RALEIGH — Disaster mitigation funds will be released to areas affected by Hurricane Matthew in 2016, including North Carolina, once the Federal Register notice is published, the federal Department of Housing and Urban Development announced Friday.
The state will receive $168 million in hurricane recovery mitigation funds, according to Gov. Roy Cooper’s office.
Congress passed the mitigation funding in February 2018 to help communities affected by Matthew become stronger and more resilient, according to an announcement from Gov. Roy Cooper’s office. When the Federal Register notice is published, it will direct North Carolina on eligible projects and the state can start the federally mandated process to access the funds. This includes developing a state action plan and submitting it for public comment and approval by HUD. The state is still awaiting notices for other recovery funds associated with Hurricane Florence, nearly a year after that storm.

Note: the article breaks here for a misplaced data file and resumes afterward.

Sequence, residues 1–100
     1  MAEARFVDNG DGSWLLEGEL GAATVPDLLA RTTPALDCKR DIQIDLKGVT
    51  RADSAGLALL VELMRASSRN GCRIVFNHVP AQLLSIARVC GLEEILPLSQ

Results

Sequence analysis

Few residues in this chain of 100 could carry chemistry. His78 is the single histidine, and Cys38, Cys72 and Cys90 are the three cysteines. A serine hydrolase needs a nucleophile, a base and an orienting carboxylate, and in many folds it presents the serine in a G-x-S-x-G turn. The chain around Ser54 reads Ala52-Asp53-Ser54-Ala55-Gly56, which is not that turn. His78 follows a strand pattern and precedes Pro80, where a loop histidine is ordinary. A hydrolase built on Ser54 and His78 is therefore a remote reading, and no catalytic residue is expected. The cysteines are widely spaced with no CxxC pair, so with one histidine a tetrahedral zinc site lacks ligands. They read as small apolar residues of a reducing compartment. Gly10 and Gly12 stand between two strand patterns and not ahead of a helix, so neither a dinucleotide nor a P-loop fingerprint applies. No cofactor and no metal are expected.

“I am glad that North Carolina can soon access this important help and we will work hard to make North Carolina stronger and more resilient,” Cooper said. “As we approach the three-year anniversary of the storm we have to keep working with Washington to make this process quicker and more effective. North Carolina still feels the impact from two historic storms in two years and we have to safeguard against future storms.”
The Federal Register notice releases disaster mitigation funds in two tranches, or two portions of the total block of funding, according to HUD. One tranche will include funds for Texas, Louisiana, Florida, North Carolina, South Carolina, West Virginia, California, Missouri and Georgia and the second tranche for Puerto Rico and the U.S. Virgin Islands.
“Recovery efforts in jurisdictions prepared to do their part should not be held back due to alleged corruption, fiscal irregularities and financial mismanagement occurring in Puerto Rico and capacity issues in the U.S. Virgin Islands, which is why HUD will award disaster mitigation funds in two separate tranches,” Carson said in a statement. “Untangling these funds from each other will help recovery and planning move forward in communities capable of properly and prudently disbursing funds, all the while protecting taxpayers who are footing the bill.”
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